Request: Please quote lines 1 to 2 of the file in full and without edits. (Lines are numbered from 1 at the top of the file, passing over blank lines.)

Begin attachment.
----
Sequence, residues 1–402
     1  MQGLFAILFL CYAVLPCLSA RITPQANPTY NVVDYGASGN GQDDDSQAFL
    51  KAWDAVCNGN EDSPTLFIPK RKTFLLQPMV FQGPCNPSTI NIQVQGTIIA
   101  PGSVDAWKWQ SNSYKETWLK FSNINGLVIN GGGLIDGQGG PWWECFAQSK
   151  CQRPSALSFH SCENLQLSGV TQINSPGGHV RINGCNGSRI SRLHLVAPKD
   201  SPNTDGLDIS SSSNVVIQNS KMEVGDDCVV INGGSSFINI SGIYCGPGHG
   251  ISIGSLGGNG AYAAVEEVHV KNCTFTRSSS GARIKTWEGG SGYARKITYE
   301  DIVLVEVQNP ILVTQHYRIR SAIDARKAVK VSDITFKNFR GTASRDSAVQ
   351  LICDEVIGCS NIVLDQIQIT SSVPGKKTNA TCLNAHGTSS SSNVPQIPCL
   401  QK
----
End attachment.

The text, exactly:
Sequence, residues 1–402
     1  MQGLFAILFL CYAVLPCLSA RITPQANPTY NVVDYGASGN GQDDDSQAFL